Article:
Shallow Summer Bass On Lake Sinclair

Fish grassbeds early and then hit the shady docks for sunburnt bass.

Ronnie Garrison | June 29, 2022

Niles Murray likes to catch bass shallow, making Sinclair’s grassbeds and docks favored destinations for a July trip.

Catch July bass early on seawalls and in grassbeds, and then get them under docks when the sun is bright. That simple plan will put bass in your livewell consistently on Lake Sinclair in the hot summer sun. Two other potential patterns that can sweeten your day are bedding bream and hatching mayflies. Find the right bream bed or mayfly hatch, and you can catch a lot of good bass fast, even in the hot sun.

Sinclair is a 15,330-acre Georgia Power lake on the Oconee River that is lined with docks. There are lots of seawalls and water willow grassbeds between docks, and both offer good habitat for bass. Hydrilla has spread throughout the lake in the past few years, really helping the largemouth population.

Bass are mostly ambush feeders. They love to hold in grass or on the rocks along a seawall and wait on food to swim by. Seawalls allow bass to pin the bait against the wall, making for an easy meal. Bream and crawfish, some of their favorite foods, live in rip-rap rocks, too.

Bass do not like bright sun—their eyes have no iris to control the amount of light entering. Many bass head to deep water to reduce light, or they can seek low-light areas like shady banks or, even better, docks. Not only do the numerous docks on Sinclair offer shade, they offer cover like posts and brushpiles, and food is readily available around docks.

Niles Murray grew up in Griffin and owns Murray Realty.  For most of his life he was an avid bird hunter, but that got frustrating with lower quail populations in our state. About 15 years ago he joined the Spalding County Sportsman Club and got hooked on bass tournament fishing. He soon joined the other two Griffin bass clubs and now fishes most of the three clubs’ monthly tournaments. Niles also fishes the ABA/AFT Division 72 tournaments on Sinclair and Oconee and some of Tony Couch’s tournaments.

“I like to fish shallow for bass,” Niles said. 

He concentrates on main-lake and primary creek seawalls and grassbeds early, and then he goes to docks when the sun gets bright. Shady banks will also draw some casts all day long. And he is always watching for bream beds or mayfly hatches for targets of opportunity.

For fishing first thing in the morning, Niles has a topwater popper, a toad, a frog and a weightless worm ready. Once the sun gets up, he’ll fish squarebill and lipless crankbaits, a Texas-rigged worm and a shaky head under and around docks and bream beds. And the popper and lipless crankbait are always good on bream beds and mayfly hatches, as are the other topwater baits and the weightless worm.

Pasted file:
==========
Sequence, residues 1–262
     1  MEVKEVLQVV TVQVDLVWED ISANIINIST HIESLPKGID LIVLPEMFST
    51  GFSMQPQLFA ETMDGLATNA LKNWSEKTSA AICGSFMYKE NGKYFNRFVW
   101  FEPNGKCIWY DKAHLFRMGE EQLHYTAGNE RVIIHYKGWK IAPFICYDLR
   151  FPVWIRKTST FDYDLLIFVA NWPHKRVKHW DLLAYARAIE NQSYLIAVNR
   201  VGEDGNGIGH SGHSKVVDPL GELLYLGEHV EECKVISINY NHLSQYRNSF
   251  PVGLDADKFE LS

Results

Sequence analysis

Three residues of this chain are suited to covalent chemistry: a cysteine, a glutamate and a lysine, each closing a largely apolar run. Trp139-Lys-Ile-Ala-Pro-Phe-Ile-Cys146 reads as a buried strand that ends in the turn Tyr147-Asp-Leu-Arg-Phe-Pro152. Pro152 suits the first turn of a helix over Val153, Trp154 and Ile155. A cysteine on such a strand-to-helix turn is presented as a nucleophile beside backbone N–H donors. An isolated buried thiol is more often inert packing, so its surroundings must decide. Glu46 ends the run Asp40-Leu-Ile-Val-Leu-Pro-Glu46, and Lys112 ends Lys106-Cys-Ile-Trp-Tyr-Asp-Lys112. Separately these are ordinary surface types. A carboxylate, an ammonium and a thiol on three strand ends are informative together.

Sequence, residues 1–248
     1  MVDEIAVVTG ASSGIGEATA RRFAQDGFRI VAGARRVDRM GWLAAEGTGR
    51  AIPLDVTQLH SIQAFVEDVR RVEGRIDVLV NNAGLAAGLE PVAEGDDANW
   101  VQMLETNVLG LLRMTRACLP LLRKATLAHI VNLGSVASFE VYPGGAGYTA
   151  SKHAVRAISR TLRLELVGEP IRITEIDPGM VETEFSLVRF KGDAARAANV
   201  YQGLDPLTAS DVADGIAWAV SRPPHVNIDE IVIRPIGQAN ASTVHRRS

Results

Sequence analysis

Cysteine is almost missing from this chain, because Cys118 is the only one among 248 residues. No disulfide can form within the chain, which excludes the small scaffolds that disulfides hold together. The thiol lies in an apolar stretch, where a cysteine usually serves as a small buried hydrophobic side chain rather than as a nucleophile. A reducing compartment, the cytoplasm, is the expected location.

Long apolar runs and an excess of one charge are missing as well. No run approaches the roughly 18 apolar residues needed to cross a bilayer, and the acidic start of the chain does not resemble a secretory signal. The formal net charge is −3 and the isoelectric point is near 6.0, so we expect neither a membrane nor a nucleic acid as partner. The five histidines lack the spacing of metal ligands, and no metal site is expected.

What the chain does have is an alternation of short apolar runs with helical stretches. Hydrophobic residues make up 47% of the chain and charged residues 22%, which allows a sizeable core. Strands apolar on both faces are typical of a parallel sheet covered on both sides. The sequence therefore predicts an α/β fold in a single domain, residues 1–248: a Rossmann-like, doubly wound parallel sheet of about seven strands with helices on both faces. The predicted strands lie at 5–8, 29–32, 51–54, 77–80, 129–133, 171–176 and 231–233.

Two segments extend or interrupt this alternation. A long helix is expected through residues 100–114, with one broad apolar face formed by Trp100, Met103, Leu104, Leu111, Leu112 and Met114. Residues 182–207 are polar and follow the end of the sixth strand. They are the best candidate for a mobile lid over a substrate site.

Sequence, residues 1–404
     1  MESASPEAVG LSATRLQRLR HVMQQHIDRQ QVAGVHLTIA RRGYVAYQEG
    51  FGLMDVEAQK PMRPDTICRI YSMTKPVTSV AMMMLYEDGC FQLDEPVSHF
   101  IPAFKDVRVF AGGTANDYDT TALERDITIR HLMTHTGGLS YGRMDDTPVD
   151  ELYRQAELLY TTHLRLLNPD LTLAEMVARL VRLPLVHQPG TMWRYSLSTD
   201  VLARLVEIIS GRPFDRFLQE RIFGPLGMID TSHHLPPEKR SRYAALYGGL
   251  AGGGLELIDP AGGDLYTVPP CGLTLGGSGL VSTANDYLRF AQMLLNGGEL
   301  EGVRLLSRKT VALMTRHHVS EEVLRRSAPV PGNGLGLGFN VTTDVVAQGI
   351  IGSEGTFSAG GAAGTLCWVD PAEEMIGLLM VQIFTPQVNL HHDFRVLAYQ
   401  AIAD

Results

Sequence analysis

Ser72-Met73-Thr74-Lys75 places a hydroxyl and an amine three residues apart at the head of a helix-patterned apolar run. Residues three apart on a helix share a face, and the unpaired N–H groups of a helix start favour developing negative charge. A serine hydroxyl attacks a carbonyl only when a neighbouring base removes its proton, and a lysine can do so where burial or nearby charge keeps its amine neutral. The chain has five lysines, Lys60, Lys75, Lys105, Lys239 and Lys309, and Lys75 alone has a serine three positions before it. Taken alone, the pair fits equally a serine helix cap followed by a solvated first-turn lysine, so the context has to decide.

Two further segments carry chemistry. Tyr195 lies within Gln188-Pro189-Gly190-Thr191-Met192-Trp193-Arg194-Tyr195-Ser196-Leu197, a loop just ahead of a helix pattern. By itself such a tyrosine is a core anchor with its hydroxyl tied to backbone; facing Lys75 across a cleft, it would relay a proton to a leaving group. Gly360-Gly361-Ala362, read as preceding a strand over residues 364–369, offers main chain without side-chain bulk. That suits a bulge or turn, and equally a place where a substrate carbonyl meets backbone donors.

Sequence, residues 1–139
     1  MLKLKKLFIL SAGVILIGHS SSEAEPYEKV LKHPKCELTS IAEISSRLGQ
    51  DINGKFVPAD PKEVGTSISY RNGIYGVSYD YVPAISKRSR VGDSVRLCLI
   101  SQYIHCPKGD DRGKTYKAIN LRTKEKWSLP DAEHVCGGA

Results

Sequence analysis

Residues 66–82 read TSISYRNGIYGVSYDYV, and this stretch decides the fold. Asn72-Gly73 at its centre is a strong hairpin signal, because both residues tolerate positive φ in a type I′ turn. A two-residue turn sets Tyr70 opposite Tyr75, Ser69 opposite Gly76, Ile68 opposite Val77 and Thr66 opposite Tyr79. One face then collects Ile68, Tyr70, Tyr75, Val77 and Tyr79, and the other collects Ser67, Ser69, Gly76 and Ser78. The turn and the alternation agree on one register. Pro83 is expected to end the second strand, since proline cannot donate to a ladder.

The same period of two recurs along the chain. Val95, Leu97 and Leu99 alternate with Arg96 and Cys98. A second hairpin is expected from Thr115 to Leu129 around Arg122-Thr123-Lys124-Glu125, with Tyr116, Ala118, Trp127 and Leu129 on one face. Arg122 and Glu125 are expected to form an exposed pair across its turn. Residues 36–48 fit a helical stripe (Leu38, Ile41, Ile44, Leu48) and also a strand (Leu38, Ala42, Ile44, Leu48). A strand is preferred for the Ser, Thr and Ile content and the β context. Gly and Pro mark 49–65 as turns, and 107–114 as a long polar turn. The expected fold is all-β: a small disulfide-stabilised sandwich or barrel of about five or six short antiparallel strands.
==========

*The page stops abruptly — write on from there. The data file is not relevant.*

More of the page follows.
We fished the following 10 spots the week before the ABA Championship, and Niles caught about 15 keepers before lunch. Most hit before 9 a.m. when he could fish fast and cover shallow water. We did not find any kicker fish and, unfortunately, that held up for him in the ABA tournament.  But he still placed 16th overall out of 43 of the best fishermen in the area.

No. 1: N 33º 12.161 – W 83º 16.117 — Go up the Oconee River past the powerlines at the mouth of Rooty Creek. Watch for a point on your right with two danger markers. Go to the downstream side of this point and start fishing where you can cast to the seawall on the end of the point.

This is an excellent place to catch bass early. It is on the main lake with deep water nearby and has grassbeds and rip-rap on the seawall where bass feed. Niles will start with a 1/2-oz. silver Pop-R and cast it within a couple of inches of the wall. Be ready, sometimes a bass will grab it as soon as it hits the water.

Work the popper back to the boat with quick snaps, moving it fast. When you get to the grass, switch to a frog or toad and fish them through the grass.  Also try a weightless Trick Worm, working it to the edge with quick twitches. Then at the edge of the grass pause and let it fall a little.

Fish three-quarters of the way into the cove, and then go to the other side. The downstream side is best. Niles says he has never had much luck in the back of that cove. He concentrates on the seawall and grass on the outside three-quarters of the point on each side.